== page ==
Product Liability

Deadly airplane crashes in Southern Utah claim eight lives

utah Deadly airplane crashes in Southern Utah claim eight livesA single-engine airplane en route to Utah’s Bryce Canyon National Park from a Las Vegas airport crashed in a remote mountainous region Tuesday, killing four people. The crash was the second deadly aviation accident to occur in Southern Utah in less than a week.

According to authorities in Kane County Utah, the airplane, registered to Hunt Aviation LLC of Las Vegas, crashed about 3 p.m. A U.S. Air Force rescue coordination center in Florida contacted the Civil Air Patrol in southern Utah after picking up a distress signal from an emergency transmitter beacon emitted by the plane. Hunt Aviation also reported the airplane missing when it failed to arrive at its destination. A CAP pilot flew over the area and located the wreckage on a mountain about 18 miles north of Zion National Park.

Rescue workers were unable to reach the remote crash site Wednesday, but resumed rescue efforts at dawn on Thursday. All four people aboard the plane have been confirmed dead, but their identities have not yet been released.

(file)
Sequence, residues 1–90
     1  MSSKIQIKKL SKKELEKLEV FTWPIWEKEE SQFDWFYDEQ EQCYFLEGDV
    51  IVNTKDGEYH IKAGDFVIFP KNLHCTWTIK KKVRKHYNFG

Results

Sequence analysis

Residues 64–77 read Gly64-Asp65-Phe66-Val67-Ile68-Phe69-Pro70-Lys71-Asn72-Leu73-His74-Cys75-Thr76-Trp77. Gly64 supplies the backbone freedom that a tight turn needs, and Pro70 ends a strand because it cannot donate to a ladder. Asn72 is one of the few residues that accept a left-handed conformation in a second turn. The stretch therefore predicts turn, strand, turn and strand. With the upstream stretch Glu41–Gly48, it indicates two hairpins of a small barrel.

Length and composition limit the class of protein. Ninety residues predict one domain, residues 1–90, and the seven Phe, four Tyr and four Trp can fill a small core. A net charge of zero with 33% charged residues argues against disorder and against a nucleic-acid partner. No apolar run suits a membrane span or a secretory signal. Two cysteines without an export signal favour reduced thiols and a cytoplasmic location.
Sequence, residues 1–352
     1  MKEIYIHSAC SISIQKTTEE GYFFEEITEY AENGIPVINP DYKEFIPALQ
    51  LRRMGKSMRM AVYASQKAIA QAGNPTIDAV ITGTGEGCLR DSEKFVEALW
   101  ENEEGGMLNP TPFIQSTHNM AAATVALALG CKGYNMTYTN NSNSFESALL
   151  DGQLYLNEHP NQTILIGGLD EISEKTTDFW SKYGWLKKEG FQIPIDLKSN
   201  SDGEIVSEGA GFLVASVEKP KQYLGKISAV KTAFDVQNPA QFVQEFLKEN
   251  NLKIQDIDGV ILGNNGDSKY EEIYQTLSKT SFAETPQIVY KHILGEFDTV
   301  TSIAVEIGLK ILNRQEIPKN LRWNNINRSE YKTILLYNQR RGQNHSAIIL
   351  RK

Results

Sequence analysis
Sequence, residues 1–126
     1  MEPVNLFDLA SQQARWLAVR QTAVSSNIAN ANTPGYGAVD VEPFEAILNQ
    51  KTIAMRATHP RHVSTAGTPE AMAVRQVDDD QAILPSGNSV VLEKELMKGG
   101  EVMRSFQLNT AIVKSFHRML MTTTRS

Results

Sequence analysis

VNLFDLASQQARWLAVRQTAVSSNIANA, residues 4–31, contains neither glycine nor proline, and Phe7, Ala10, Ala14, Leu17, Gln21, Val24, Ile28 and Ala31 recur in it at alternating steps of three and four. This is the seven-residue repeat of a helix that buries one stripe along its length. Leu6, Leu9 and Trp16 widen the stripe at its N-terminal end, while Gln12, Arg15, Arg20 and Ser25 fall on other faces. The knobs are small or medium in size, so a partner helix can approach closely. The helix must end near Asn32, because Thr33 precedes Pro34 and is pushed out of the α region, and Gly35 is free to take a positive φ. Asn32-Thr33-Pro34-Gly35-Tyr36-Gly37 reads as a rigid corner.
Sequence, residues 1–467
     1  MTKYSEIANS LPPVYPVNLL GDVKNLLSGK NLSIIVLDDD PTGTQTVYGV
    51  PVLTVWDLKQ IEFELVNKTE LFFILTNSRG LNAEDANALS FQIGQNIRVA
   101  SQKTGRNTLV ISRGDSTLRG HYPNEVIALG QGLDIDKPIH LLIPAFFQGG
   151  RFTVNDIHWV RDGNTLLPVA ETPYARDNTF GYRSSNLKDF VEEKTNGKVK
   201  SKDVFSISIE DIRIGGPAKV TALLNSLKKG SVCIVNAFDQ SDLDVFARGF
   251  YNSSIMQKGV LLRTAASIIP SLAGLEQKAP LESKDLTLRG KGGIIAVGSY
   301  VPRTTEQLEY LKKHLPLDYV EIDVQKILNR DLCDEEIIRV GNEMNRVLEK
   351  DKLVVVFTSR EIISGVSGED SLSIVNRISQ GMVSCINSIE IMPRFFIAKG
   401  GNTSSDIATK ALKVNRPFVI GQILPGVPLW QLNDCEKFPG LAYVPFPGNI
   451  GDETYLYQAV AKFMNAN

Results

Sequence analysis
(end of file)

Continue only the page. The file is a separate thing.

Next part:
On Saturday, a single-engine Cessna 172 airplane carrying four men in their 20s crashed shortly after taking off from St. George Municipal Airport, not far from Tuesday’s crash site. All four men aboard the plane were killed on impact, authorities said.

The airplane, owned by Diamond Flying LLC of St. George, Utah, crashed about 1:30 a.m. Saturday but wasn’t discovered until more than four hours later because the small airport isn’t staffed at night. The wreckage was found about 300 yard from the runway.

Investigators don’t yet know what caused the crash, but video surveillance of the airplane taking off reveals it flew at a low level along most of the runway before making a rapid ascent. The plane leaves the camera’s scope but two flashes of light can be seen on the video.

The victims of that crash have been identified as Colby Hafen, 28, and Christopher Chapman, 20, both of Santa Clara, Utah; Tanner Holt, 23, of Washington City, Utah, and Alexander Metzger, 22, of St. George. Mr. Holt, a licensed pilot who has flown commercially, is believed to have been piloting the airplane.

Sources:

Associated Press